In 1842, Emily accompanied Charlotte to Brussels, Belgium, where they attended a girls’ academy run by Constantin Heger. They planned to perfect their French and German in anticipation of opening their school.In 1844, Emily began going through all the poems she had written, recopying them neatly into two notebooks. One was labelled “Gondal Poems”; the other was unlabelled. Scholars such as Fannie Ratchford and Derek Roper have attempted to piece together a Gondal storyline and chronology from these poems. In the autumn of 1845, Charlotte discovered the notebooks and insisted that the poems be published. Emily, furious at the invasion of her privacy, at first refused, but relented when Anne brought out her own manuscripts and revealed she had been writing poems in secret as well.In 1846, the sisters’ poems were published in one volume as Poems by Currer, Ellis, and Acton Bell. The Brontë sisters had adopted pseudonyms for publication: Charlotte was Currer Bell, Emily was Ellis Bell and Anne was Acton Bell. Charlotte wrote in the “Biographical Notice of Ellis and Acton Bell” that their “ambiguous choice” was “dictated by a sort of conscientious scruple at assuming Christian names positively masculine, while we did not like to declare ourselves women, because we had a vague impression that authoresses are liable to be looked on with prejudice.

In 1847, Emily published her novel, Wuthering Heights, as two volumes of a three-volume set (the last volume being Agnes Grey by her sister Anne). Its innovative structure somewhat puzzled critics at the time, and Although it is considered a classic of English literature today, Wuthering Heights met with mixed reviews and controversy when it first appeared, mainly because of the narrative’s stark depiction of mental and physical cruelty and amoral passion,It takes place at a Yorkshire manor on the moors and centres on the all-encompassing, passionate, but ultimately doomed love between Catherine Earnshaw and Heathcliff, and how this unresolved passion eventually destroys them and the people around them.and the book subsequently became an English literary classic.

Although Charlotte Brontë’s Jane Eyre was generally considered the best of the Brontë sisters’ works during most of the nineteenth century, many subsequent critics of Wuthering Heights argued that it was a superior achievement. Wuthering Heights has also given rise to many adaptations and inspired works, including films, radio, television dramatisations, a musical by Bernard J. Taylor, a ballet, three operas (respectively by Bernard Herrmann, Carlisle Floyd, and Frédéric Chaslin), a role-playing game, and the 1978 chart topping song by Kate Bush. Sadly Emily’s health, like her sisters’, had been weakened by unsanitary conditions at home, the source of water being contaminated by runoff from the church’s graveyard. She became sick during her brother’s funeral in September 1848. Though her condition worsened steadily, she rejected medical help and all proffered remedies, saying that she would have “no poisoning doctor” near her. She eventually died of tuberculosis, on 19 December 1848 at around two in the afternoon. She was interred in the Church of St. Michael and All Angels family vault, Haworth, West Yorkshire.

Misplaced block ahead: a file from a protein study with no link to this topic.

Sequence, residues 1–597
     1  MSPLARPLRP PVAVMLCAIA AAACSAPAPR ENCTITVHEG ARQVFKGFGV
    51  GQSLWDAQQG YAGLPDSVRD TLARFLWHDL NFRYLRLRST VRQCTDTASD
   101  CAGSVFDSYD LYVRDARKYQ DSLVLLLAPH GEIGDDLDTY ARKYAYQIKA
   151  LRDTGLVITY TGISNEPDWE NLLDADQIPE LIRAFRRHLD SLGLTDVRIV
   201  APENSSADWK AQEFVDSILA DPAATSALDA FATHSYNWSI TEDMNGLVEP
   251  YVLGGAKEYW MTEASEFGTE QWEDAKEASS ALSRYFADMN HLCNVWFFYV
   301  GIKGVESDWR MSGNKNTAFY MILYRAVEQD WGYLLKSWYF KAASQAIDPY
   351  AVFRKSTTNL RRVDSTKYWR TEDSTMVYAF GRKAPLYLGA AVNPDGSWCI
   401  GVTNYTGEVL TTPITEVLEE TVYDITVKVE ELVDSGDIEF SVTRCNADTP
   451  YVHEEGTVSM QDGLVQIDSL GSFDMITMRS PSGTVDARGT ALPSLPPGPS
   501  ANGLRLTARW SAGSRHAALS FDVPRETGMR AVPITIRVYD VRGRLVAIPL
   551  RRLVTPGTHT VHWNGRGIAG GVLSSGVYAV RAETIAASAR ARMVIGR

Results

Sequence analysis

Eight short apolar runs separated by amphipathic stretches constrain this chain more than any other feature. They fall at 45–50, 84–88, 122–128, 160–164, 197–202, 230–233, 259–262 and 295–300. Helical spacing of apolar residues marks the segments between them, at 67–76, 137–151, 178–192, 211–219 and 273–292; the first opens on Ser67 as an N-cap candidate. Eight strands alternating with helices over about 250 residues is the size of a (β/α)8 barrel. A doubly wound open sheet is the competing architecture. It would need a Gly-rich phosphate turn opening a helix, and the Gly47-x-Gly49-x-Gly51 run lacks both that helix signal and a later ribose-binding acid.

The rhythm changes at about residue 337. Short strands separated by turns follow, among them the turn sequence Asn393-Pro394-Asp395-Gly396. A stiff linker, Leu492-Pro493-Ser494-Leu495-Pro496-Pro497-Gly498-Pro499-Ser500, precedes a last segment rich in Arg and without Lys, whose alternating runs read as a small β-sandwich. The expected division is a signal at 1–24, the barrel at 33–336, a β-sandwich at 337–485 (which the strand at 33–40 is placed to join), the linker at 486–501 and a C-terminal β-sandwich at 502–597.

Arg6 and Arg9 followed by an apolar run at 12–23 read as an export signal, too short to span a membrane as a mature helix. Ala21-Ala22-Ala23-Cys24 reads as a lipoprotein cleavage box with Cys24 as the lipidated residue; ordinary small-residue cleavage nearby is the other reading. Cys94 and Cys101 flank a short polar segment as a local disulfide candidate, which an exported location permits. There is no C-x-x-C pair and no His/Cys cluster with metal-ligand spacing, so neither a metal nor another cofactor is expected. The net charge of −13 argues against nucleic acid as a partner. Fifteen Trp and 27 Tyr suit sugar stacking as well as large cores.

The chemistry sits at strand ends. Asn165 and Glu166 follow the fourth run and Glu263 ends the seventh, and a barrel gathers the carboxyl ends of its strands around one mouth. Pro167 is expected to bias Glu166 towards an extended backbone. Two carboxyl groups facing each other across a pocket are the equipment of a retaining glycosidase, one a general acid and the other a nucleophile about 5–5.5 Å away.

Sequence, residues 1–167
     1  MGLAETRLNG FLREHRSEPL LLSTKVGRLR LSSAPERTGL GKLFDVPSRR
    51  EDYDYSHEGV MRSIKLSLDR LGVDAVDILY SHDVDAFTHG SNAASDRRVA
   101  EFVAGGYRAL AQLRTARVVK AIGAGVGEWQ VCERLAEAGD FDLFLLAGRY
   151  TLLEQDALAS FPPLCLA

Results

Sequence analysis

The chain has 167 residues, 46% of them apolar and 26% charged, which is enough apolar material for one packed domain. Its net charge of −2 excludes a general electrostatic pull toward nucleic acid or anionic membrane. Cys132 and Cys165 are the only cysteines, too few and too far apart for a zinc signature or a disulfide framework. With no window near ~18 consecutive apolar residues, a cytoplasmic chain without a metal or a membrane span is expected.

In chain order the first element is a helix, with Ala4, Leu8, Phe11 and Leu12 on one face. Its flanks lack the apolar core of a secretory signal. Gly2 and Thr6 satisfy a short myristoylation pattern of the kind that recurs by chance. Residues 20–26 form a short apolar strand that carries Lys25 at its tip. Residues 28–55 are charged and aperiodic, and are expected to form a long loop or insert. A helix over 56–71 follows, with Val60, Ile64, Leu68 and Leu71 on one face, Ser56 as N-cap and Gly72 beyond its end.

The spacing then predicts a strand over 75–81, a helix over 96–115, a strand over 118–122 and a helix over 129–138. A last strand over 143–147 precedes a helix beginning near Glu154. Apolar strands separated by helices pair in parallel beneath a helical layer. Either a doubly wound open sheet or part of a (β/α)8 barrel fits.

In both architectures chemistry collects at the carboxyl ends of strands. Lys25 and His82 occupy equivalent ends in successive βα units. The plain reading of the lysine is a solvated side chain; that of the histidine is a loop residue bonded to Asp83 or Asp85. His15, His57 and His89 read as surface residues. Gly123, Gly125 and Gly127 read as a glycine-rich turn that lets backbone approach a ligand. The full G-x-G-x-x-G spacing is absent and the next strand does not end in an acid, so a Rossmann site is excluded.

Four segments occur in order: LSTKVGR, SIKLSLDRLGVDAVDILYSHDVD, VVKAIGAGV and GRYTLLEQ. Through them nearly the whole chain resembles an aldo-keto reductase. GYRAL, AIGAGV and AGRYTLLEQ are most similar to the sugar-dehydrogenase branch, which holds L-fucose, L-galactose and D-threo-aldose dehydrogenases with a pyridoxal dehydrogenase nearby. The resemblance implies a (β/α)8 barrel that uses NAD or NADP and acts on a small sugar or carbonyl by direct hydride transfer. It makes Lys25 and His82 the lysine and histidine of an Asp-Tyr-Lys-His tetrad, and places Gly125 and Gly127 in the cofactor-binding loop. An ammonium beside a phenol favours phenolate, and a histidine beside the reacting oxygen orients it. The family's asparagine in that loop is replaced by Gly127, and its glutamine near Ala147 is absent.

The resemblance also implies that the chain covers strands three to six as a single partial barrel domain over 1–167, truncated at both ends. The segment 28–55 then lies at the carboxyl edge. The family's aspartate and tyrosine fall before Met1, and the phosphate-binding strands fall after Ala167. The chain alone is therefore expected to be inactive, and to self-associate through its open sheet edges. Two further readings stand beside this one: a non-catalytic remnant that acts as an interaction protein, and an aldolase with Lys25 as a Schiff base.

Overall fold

Maeve Binchy

Best known for her sympathetic and often humorous portrayal of small-town life in Ireland, her descriptive characters, her interest in human nature, and her often clever surprise endings, the Irish novelist, playwright, short story writer, columnist, speaker and described as one of Ireland’s best-loved and most recognisable and well known writers Anne Maeve Binchy sadly died 30 July 2012 at age 73

Maeve Binchy was born on 28 May 1939 in Dalkey, the oldest of the four children, her brother, William Binchy, became Regius Professor of Laws at Trinity College, Dublin, he also had two sisters: Irene “Renie” (who predeceased Binchy), and Joan, Mrs Ryan. Her uncle was the historian D. A. Binchy (1899–1989). Binchy was Educated at St Anne’s Dún Laoghaire, and later at Holy Child Convent, Killiney, she went on to study at University College Dublin (where she earned a bachelor’s degree in history), she worked as a teacher of French, Latin, and history at various girls’ schools, then a journalist at The Irish Times, and later became a writer of novels, short stories, and dramatic works.

In 1963, Binchy began working in a Jewish school in Dublin, teaching French with an Irish accent to kids, primarily Lithuanians. The parents there gave me a trip to Israel as a present. I had no money, so I went and worked in a kibbutz – plucking chickens, picking oranges. My parents were very nervous; here I was going out to the Middle East by myself. I wrote to them regularly, telling them about the kibbutz. My father and mother sent my letters to a newspaper, which published them. So I thought, It’s not so hard to be a writer. Just write a letter home. After that, I started writing other travel articles. Trip to Israel profoundly affected both her career and her faith.

Binchey met her future husband children’s author Gordon Snell when recording a piece for Woman’s Hour in London. Snell was working As a freelance producer with the BBC. Their friendship blossomed into a cross-border romance, with her in Ireland and him in London, until she eventually secured a job in London through The Irish Times.She and Snell married in 1977 and, after living in London for a time, moved to Ireland. They lived together in Dalkey, not far from where she had grown up, until Binchy’s death.